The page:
10This indelible stigma is a consequence of the idea mentioned above: the accused has been acquitted only because the prosecution has failed to prove his or her guilt beyond any reasonable doubt.21 The idea that the guilt must be proved beyond reasonable doubt did not prevent Scottish juries from adopting their verdicts by a simple majority of votes: as pointed out by Gerry Maher, the principle of reasonable doubt and the rule of majority are not mutually exclusive.22 From this point of view, the Scottish jury differs from the English model. English juries indeed were required to find a unanimous consensus upon the guilt or innocence of the defendant: unanimity was considered a protection for the accused, who could only be convicted if no one among the jurors entertained any doubt about his guilt.23 In Scotland a comparable protection was offered by the verdict of not proven. Nonetheless, in a three-verdict system, the rule of majority could bring a measure of uncertainty as to the final sentence, since the foreman did not have to report the precise outcome of the voting process. For instance, in a trial held at a sheriff court in 1958, the jury issued a verdict of guilty by a majority. With the permission of the sheriff, the defence counsel inquired the state of the voting: it turned out that six jurors voted for guilty, five for not guilty, and four for not proven. Actually, therefore, the majority of the jurors was in favour of the acquittal. As a consequence, the sheriff ordered that a verdict of not guilty should be reported.24

11As specified by Ian Douglas Willock, the verdict of not proven should not be confused with the verdict of non liquet: the not proven is a form of acquittal used by juries when the guilt of the accused has not been satisfactorily demonstrated, while non liquet means that the jurors declined to vote due to a lack of information on the facts. In the Scottish system abstention seems to have been a tolerated practice, although «no examples of individual assizers delivering non liquet have been found».25 As we will see hereafter, also Italian jurors could decline to vote by leaving their voting-paper blank, albeit this faculty was widely contested by some authors, among whom Enrico Ferri.26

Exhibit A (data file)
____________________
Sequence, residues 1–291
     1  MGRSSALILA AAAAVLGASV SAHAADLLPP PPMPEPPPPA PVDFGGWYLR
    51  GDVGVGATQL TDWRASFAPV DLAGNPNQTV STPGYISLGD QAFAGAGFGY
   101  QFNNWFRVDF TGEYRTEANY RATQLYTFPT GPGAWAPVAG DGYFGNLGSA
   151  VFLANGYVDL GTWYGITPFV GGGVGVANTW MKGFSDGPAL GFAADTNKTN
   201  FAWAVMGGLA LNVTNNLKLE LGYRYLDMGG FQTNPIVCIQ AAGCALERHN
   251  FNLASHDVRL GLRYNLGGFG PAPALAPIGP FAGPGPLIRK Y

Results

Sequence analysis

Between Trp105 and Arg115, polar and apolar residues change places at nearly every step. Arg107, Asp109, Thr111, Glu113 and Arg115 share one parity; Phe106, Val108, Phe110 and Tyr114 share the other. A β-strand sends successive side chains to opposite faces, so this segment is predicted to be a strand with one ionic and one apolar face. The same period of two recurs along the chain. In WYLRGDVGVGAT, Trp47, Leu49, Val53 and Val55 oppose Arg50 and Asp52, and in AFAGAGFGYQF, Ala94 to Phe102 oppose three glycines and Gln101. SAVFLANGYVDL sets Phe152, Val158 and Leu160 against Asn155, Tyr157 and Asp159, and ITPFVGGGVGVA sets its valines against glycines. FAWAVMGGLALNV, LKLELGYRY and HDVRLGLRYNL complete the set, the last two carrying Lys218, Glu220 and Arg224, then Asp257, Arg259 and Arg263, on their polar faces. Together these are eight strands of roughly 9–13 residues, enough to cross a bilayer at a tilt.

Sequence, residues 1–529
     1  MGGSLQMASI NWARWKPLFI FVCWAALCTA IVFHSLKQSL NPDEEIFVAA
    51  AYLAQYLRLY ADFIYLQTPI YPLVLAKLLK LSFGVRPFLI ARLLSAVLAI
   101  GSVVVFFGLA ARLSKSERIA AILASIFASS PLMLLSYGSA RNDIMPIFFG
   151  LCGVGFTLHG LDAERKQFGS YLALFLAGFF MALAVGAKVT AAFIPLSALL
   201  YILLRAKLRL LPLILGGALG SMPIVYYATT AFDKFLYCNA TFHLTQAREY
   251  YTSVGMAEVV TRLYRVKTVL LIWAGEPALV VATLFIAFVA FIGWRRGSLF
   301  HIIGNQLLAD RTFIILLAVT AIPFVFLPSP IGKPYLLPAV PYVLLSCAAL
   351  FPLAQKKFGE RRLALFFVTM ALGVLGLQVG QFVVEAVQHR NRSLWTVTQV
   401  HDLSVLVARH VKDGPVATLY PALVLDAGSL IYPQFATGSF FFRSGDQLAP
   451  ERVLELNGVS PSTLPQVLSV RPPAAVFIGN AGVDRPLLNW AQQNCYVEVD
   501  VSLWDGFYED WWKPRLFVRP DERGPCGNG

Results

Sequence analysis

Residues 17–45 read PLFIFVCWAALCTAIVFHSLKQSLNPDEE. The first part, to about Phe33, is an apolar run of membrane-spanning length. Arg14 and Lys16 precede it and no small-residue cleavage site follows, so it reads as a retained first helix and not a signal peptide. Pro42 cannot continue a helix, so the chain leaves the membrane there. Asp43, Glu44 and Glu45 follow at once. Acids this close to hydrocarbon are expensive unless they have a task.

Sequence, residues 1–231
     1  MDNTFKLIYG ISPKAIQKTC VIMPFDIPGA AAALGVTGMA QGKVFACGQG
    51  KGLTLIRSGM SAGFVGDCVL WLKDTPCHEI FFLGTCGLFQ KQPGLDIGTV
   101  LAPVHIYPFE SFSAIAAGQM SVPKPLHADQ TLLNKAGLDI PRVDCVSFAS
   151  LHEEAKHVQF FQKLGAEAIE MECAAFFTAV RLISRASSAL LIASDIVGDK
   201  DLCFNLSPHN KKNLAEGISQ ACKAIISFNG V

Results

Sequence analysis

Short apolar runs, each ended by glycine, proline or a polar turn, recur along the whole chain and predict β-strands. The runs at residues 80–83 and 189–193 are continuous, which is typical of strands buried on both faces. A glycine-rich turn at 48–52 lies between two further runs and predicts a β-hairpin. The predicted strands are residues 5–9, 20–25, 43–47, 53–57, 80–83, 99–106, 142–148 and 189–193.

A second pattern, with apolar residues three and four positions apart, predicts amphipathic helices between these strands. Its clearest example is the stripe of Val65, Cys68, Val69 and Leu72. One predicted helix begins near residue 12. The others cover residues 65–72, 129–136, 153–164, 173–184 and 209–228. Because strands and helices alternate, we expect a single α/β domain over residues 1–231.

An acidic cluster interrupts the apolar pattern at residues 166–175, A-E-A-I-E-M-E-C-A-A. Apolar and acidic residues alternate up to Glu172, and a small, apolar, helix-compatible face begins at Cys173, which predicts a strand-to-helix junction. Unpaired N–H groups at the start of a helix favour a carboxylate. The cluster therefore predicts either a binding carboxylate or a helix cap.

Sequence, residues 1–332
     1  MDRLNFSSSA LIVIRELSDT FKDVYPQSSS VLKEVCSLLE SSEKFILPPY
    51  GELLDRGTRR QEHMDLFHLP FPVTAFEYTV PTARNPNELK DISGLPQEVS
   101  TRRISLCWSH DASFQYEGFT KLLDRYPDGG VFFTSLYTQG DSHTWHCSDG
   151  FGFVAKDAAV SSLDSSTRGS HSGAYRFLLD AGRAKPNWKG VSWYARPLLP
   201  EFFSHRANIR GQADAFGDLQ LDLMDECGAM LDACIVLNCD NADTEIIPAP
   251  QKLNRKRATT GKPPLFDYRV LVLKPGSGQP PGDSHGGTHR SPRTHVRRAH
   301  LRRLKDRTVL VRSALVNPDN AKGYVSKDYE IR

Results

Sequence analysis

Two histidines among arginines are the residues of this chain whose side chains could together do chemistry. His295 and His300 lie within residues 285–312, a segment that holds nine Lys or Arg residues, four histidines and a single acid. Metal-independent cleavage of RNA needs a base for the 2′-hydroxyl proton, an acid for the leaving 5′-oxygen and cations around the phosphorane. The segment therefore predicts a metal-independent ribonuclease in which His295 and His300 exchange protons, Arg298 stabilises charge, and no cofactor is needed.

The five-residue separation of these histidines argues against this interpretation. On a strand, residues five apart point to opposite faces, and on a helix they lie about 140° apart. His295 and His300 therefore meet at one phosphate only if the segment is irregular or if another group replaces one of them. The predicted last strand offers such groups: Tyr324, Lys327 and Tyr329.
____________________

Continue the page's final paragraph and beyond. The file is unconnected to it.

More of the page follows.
12As we have just seen, the verdict of not proven represents a ‘second-class’ acquittal leaving a black mark on the defendant. This is the reason why in popular perception the not proven is considered a compromise between guilty and not guilty and it is colloquially called «the bastard verdict». This term was coined by Sir Walter Scott after learning the verdict issued by the jurors in the trial of Mrs Mary Elder or Smith, which took place at the High Court of Justiciary in February 1827.27

13Mrs Mary Smith was a 42 years old woman married to a farmer from West Denside in the county of Forfar. Mr and Mrs Smith had two sons and two daughters. They shared their house with their two servants, Jean Norrie and Margaret Warden. Margaret was a widow of 24 years who lived in poor conditions with her three young children. In July 1826, Mrs Smith found out with great disappointment that her youngest son George and Margaret felt an affection for each other. One night in early September, Jean and Margaret were sitting in the kitchen when Mrs Smith came into the room and offered to the girls a glass full of a thick white mixture. Two days later Margaret fell seriously ill, while Jean suffered no ill effects because she had barely tasted the liquid. On Friday afternoon a doctor came to visit Margaret who was very sick: his diagnosis was that she was dying due to cholera. Margaret actually passed that night.

14The body was buried a few days later, but soon after a rumour spread throughout the countryside that «the dead girl had been poisoned by her mistress to avert the consequences of a liaison with her son».28 Thus the body was exhumed and submitted to an autopsy: the post mortem examination revealed traces of acute inflammation. Questioned by the sheriff, Mrs Smith admitted she had given Margaret a dose of castor oil, but claimed that she kept no poisonous substances in the house. The next morning, however, Mary confessed that she had bought «something to put away rats» the Friday before Margaret’s death. Thereupon, the woman was officially indicted for murder.29